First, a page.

12 September, 2014

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I was thinking a lot more about how someone can explain this topic and I had some new ideas to write down. Whenever I’ve taught that the gospel blesses families, I’ve always said that God loves us to much that He has sent us here in teams.  He didn’t drop us off alone to fight and fend for ourselves against all form of temptation, but He set us up with specific others that have qualities, talents and even weaknesses that complement ours.  If I have a certain weakness, maybe I can make up for it by learning from the example of my parents, or my sister, or even a grandparent.  My growth from seeing them will not only edify me, but it will help me change and become molded into more of who my divine nature says that I can become.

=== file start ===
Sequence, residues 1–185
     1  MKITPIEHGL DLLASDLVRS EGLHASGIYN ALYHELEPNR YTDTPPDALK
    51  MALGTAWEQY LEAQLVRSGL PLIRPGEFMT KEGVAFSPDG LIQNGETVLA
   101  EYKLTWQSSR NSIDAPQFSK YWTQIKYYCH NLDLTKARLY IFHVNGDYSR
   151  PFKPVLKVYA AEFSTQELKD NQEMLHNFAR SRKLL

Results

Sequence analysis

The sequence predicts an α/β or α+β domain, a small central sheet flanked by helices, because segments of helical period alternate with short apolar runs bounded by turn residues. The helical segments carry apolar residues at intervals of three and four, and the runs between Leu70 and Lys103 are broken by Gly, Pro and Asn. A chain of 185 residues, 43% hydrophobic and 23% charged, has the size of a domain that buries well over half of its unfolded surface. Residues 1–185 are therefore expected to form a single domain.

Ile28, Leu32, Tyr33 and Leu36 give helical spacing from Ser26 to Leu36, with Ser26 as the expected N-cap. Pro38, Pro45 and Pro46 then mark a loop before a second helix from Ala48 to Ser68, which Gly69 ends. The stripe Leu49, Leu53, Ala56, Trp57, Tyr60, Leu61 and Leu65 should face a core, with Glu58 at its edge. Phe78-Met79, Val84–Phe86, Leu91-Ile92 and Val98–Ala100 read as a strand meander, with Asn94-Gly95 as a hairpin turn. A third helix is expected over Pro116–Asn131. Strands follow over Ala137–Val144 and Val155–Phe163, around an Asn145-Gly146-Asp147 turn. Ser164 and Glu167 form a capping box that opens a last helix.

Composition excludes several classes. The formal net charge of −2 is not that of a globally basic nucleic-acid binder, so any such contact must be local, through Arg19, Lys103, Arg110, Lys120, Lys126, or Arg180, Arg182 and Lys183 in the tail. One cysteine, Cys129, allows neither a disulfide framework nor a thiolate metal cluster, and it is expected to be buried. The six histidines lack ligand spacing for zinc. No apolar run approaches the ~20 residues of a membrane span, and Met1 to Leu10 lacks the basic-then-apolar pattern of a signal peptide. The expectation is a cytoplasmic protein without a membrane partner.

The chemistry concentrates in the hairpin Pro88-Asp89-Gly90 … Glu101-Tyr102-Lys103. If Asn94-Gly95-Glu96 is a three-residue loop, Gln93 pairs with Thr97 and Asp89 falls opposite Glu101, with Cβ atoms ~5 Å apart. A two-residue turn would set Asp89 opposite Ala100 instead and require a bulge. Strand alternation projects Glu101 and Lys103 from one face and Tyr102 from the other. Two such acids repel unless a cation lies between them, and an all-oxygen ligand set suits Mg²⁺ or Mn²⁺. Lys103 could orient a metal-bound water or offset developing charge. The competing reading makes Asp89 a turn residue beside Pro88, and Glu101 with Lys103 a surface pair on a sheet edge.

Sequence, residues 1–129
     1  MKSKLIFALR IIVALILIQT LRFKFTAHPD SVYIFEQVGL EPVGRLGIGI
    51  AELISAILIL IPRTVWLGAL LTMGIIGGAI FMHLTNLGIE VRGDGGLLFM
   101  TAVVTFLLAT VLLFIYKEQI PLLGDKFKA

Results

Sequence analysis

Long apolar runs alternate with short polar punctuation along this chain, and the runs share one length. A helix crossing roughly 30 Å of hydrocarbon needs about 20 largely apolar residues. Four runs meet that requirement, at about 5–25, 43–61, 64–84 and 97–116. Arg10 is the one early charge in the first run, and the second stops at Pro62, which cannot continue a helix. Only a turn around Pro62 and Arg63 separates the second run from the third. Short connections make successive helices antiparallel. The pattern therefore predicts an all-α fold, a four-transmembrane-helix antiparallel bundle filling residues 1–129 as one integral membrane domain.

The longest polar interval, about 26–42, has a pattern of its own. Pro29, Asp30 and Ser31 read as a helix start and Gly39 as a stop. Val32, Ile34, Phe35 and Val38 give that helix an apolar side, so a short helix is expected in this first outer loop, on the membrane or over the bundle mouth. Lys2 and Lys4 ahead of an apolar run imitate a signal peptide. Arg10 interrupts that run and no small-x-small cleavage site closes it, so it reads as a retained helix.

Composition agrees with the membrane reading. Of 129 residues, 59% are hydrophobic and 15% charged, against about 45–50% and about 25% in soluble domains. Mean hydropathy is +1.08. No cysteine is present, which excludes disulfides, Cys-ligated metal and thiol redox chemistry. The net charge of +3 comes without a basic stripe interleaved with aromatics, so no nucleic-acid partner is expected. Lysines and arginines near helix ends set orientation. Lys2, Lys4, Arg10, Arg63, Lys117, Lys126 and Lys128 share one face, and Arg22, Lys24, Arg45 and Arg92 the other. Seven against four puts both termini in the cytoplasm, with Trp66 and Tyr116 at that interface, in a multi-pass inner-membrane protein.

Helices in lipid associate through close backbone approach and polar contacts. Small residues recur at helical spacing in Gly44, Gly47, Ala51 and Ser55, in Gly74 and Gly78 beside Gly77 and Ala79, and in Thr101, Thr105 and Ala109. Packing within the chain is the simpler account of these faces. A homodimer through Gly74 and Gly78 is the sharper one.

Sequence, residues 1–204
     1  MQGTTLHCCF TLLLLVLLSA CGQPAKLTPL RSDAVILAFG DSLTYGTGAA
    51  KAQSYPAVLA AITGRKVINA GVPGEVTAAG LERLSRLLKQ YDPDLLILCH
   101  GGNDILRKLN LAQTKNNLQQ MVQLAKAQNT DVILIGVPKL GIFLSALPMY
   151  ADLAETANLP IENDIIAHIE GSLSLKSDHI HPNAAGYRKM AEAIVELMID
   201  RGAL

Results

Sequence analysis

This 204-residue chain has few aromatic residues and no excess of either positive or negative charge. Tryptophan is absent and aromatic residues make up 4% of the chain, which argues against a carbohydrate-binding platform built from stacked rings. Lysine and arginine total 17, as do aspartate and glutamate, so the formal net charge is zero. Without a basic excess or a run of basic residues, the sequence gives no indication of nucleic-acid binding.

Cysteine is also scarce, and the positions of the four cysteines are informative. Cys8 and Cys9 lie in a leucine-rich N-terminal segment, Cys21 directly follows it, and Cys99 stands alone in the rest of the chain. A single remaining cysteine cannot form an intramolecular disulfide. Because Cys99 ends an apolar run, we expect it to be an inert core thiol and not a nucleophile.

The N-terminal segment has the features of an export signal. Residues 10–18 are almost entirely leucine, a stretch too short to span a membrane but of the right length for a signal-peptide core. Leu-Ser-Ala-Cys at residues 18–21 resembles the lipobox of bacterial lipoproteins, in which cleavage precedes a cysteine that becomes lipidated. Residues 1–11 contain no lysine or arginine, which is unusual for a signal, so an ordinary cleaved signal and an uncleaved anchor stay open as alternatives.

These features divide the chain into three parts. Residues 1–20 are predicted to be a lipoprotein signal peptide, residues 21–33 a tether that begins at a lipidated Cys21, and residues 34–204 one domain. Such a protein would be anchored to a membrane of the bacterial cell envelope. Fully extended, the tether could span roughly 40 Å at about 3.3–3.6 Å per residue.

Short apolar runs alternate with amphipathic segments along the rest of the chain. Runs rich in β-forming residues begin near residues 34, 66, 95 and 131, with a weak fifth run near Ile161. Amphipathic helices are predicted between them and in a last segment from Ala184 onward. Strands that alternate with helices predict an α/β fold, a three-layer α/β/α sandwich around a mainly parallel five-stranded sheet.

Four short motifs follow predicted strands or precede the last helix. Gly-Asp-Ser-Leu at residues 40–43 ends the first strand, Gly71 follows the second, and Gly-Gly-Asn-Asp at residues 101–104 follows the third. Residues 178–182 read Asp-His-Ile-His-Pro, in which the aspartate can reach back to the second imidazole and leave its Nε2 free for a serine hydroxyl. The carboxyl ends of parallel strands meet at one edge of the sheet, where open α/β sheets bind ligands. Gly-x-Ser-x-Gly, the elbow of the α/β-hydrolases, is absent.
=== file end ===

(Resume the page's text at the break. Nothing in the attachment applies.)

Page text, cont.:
In the same way, I can help those around me by using my own strengths and positive characteristics to help them improve.  It’s a balance.  See Ether 12:27.

 

27 And if men come unto me I will show unto them their weakness. I give unto men weakness that they may be humble; and my grace is sufficient for all men that humble themselves before me; for if they humble themselves before me, and have faith in me, then will I make weak things become strong unto them.

 

Now we know that for us truly to progress, we have to pass through this part of the Plan of Salvation – out life on the earth. For this to work out, we need two big jobs done here by the children of God in order to help the process out and allow each one of us to be tested and given the opportunity to accept Christ.